By now the benefits of Medicaid expansion are well known. In addition to providing health coverage to millions of Americans, it has helped create new health care jobs, decrease hospitals’ spending on uncompensated care, and generate budget savings for states. But another benefit is often overlooked: Medicaid expansion can help improve the quality of health care and reduce costs throughout a state’s entire health care system, not just in Medicaid.
Earlier this week, CMS offered welcome clarification on special enrollment periods (SEP) for people in the coverage gap. It also issued updates about eligibility determination notices and hardship exemptions. We explain the updates below.
On Wednesday, CMS clarified the procedure for the special enrollment period (SEP) for consumers who move out of the “coverage gap.” People who are in the coverage gap live in states that have not expanded Medicaid.
We know you have a lot going on, and there isn’t always time to read everything. That’s why we’ve rounded up five of our most popular blogs published between January and March of this year.
This year we launched a campaign to enact standards to address this issue at the state and federal level. Our campaign supports the work of advocates in many states, including close partnerships with advocates in Georgia, Maryland, and Colorado. Read about the progress those states are making!
The Affordable Care Act has helped expand access to affordable health insurance to millions of Americans. But consumers’ out-of-pocket costs are sometimes still too high, preventing them from getting the care they need.
In a new study released last month, NPR, Robert Wood Johnson Foundation, and Harvard found that a quarter of Americans still report experiencing serious financial problems due to medical expenses.
Welcome to the new Health Equity Highlights monthly blog! Our Health Equity Connection newsletter has been promoted: Every month, you will now be able to find the latest health equity updates, top resources from Families USA and our partners, and important upcoming events here.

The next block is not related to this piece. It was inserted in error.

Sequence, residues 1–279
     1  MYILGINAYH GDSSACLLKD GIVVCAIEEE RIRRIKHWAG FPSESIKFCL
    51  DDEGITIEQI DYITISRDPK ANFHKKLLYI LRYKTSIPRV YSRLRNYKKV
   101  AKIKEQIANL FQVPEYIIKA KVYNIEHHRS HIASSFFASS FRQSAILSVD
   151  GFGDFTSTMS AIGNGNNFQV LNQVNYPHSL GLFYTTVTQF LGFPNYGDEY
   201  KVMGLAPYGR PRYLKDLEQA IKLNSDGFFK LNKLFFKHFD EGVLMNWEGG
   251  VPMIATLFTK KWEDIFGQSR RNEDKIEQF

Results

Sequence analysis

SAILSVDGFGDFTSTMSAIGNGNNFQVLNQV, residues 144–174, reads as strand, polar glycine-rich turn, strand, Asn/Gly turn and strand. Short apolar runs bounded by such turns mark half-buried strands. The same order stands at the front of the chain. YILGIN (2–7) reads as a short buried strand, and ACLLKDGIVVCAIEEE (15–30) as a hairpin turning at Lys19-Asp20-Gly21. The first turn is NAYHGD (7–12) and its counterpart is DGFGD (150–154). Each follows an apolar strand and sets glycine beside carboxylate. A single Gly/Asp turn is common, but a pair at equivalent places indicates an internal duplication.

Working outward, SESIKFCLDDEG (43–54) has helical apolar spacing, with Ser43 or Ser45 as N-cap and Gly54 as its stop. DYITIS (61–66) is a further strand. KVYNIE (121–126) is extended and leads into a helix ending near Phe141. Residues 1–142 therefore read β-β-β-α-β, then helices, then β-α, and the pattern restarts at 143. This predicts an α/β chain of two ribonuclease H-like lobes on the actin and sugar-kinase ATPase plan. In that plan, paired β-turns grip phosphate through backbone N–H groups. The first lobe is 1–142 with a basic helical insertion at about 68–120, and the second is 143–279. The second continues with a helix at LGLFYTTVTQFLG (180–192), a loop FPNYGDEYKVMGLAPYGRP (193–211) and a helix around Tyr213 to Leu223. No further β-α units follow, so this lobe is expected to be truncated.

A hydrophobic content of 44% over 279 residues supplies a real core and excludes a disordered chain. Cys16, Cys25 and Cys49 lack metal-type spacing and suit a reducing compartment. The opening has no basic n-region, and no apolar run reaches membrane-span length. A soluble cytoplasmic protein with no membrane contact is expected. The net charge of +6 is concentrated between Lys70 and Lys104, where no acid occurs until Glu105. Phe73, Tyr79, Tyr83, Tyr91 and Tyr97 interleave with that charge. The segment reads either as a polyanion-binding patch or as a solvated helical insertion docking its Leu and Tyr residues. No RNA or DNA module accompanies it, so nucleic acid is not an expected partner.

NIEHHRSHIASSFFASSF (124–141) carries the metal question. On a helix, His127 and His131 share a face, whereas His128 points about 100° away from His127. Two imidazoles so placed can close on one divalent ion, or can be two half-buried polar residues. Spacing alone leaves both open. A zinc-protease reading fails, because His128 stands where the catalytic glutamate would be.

Read on to learn about new marketplace enrollment data, progress in covering immigrant children, upcoming health equity events, and more.
At the end of February, the Centers for Medicare and Medicaid Services (CMS) announced significant changes to the federal marketplace process for consumers to enroll in health insurance through special enrollment periods (SEPs). While the new SEP process has not been entirely laid out yet, we have significant concerns that these changes will negatively affect consumers, especially low-income consumers and immigrants. Here we describe some principles the new process should follow to meet the needs of consumers.
With a majority of states expanding Medicaid, many more people stand to gain health coverage, including those recently released from jail or prison. States are re-evaluating their policies regarding Medicaid for incarcerated residents.
We’ve taken a closer look at what states have accomplished so far to get a better idea of how this has played out across states. We found that 34 states and the District of Columbia now have some form of policy to suspend Medicaid for people in prison or jail. Here, we explain why more states should adopt this policy.
In late 2015, Lori was in desperate need of cardiology care for her heart condition. Lori was out of money and uninsured. And she lived in Virginia, which has refused to expand Medicaid. Her story illustrates the plight of uninsured people who fall into the coverage gap--ineligible for regular Medicaid but can't afford private insurance.
In addition to enrolling consumers in marketplace insurance, assisters can serve another valuable role: helping consumers register to vote. Applications for health coverage, whether through HealthCare.gov and state-based marketplaces, provide clients with access to voter registration, which makes it easy for assisters to help people register to vote. Here’s what assisters should know about voter registration and how they can help consumers navigate this process.